“The Fall” In this all-new series from David Hine (The Bulletproof Coffin), Brian Haberlin (Witchblade), and Geirrod Van Dyke (Spawn, Medieval Spawn/Witchblade), two cultures clash on a planet they each believe is their Promised Land. The Rans are a peace-loving people, but the Tayans are a race of warriors who seek to colonize and control. The mysterious Sleeping Giants also call this place home, though no one knows if they’re monsters or the gods of legend. And amidst all this, a young woman named Sonata is willing to break all the rules to find her place in this world.
The publisher’s blurb pretty well sums up Sonata #1. Two cultures, both determined to colonize a Goldilocks planet, with very different visions of what that colonizations should look like. Rans seek a symbiotic relationship with the natives and the environment. Tayans pretty much want to dominate whatever they can. Natives, resources, Rans…
David Hine and Brian Haberlin do a reasonable job establishing the rules of this retro-futuristic conflict. The peace loving tribe and their steampunky hybrid tech, the warrior tribe and their cold, industrial city. At the end of the day, though, colonialism is colonialism. Both groups want something from the locals and the landscape. They just have different means of achieving their goals, and it doesn’t seem like either group has a real strong grasp of their own impact.
Haberlin’s linework is a great fit for the content. Shocker, right? Having co-written the script, his visual representation of the concept is fantastic. The tribes have distinct clothing and styles that immediately distinguish them from each other, but also give insight into their cultural attitudes. The creature designs are creepy and weird, fitting well with the steampunk, fantasy, and apocalyptic themes, and those Sleeping Giants are freaking amazing.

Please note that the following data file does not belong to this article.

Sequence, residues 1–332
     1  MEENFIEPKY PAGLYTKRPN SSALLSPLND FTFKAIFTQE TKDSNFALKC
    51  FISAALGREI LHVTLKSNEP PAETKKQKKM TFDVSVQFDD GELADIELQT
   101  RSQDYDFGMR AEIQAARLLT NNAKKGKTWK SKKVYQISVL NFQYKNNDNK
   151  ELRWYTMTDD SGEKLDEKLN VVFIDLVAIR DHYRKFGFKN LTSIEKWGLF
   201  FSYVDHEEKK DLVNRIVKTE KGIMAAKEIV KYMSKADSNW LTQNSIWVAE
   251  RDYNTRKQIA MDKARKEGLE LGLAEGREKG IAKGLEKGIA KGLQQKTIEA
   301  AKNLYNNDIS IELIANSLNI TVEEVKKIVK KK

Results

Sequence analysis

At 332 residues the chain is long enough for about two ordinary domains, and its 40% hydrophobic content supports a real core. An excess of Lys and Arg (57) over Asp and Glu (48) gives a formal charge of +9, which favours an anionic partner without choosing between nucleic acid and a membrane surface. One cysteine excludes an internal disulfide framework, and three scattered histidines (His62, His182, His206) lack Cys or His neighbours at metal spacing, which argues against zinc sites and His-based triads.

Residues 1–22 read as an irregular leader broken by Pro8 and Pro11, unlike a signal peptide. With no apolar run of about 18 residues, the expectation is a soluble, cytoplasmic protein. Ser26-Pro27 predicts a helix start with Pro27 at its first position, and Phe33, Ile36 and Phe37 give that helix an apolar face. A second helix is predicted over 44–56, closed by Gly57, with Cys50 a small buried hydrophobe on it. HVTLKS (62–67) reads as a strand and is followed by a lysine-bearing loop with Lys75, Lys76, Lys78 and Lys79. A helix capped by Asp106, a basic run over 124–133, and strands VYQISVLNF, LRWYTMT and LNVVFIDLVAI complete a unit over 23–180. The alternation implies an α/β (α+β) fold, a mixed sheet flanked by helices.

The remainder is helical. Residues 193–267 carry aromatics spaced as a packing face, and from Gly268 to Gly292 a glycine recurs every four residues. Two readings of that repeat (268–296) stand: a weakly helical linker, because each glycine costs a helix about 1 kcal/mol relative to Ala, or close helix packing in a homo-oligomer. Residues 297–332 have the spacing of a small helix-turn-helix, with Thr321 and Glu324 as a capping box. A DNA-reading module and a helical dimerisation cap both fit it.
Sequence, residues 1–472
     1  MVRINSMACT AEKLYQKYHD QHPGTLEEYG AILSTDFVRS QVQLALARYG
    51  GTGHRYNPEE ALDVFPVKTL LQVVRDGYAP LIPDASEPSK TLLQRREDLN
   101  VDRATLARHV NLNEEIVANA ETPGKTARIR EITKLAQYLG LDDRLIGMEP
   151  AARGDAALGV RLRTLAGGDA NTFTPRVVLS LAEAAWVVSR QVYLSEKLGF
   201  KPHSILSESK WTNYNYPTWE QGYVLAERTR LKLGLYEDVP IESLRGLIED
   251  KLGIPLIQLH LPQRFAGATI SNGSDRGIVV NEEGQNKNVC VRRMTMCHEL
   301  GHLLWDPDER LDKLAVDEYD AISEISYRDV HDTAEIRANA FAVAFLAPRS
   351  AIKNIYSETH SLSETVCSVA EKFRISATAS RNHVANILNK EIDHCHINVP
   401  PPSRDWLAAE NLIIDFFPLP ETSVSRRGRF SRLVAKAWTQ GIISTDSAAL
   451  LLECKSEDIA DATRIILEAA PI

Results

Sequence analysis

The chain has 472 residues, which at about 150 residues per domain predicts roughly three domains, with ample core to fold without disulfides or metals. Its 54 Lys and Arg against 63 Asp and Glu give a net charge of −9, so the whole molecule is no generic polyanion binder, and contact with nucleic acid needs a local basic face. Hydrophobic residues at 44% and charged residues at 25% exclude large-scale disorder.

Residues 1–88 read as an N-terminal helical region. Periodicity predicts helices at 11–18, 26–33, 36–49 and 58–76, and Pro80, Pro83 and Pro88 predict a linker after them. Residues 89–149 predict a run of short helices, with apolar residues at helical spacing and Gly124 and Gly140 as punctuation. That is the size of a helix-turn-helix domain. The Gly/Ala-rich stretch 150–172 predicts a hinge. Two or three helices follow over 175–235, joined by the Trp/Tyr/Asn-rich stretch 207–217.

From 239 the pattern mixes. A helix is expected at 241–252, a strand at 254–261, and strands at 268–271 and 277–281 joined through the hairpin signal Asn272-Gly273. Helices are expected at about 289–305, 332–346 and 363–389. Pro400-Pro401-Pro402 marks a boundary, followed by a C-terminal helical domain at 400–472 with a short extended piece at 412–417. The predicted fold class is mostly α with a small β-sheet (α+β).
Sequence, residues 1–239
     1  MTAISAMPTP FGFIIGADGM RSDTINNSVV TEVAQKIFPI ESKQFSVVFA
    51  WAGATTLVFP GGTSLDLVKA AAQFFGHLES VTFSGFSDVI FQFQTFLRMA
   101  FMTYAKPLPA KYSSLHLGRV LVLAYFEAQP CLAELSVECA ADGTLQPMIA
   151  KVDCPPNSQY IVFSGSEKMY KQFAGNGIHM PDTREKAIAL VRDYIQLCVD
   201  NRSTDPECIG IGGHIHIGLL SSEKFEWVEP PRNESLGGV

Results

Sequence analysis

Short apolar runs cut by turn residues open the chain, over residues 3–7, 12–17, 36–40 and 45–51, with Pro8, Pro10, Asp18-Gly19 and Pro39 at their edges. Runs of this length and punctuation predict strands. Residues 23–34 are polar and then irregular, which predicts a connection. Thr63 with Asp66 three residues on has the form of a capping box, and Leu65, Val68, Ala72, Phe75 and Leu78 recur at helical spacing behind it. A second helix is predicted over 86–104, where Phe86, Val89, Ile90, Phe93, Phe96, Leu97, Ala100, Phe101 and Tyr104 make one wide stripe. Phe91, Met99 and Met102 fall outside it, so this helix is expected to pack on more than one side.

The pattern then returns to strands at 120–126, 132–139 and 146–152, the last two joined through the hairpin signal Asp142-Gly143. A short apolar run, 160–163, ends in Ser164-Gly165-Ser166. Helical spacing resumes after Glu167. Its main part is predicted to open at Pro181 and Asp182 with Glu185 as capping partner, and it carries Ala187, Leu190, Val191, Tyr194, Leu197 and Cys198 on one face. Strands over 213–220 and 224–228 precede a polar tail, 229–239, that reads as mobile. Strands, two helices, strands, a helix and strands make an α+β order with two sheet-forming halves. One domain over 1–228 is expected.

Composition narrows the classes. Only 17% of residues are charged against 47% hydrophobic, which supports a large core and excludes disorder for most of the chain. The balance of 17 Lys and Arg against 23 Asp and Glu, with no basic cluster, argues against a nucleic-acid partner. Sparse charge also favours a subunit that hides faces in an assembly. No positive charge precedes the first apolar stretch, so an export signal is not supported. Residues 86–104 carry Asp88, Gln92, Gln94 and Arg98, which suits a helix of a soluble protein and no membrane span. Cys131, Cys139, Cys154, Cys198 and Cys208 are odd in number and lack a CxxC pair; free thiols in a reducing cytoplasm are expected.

I do have some issues with Francis Takenaga’s lettering. The dialogue is easy enough to read, but the boxed narration played hell on my eyes. I had a really difficult time reading any of the white lettering in those pale green boxes. To be fair, I do require corrective lenses, but even with my regular glasses on, I had a hard time. There just isn’t enough contrast between the color of the text and the color of the background. You can see what I’m describing in several of the included preview pages. Fortunately, the legible dialogue and imagery were strong enough to convey the major plot points.
Sonata #1 is an interesting read. The next couple chapters are really going to determine whether I stick with it. It remains to be seen whether this is going to be a black and white, goodie vs. baddie game, or if there’s a deeper message about the impact of colonialism, regardless of intent. Neither tribe is really blameless, even just in these opening pages. All over this thing, folks are playing with forces they don’t really understand, and if it doesn’t come back to bite them in their happy asses, I’ll be sorely disappointed.
Sonata #1, Image Comics, released 12 June 2019. Story by David Hine and Brian Haberlin, art by Brian Haberlin, color by Geirrod Van Dyke, letters by Francis Takenaga.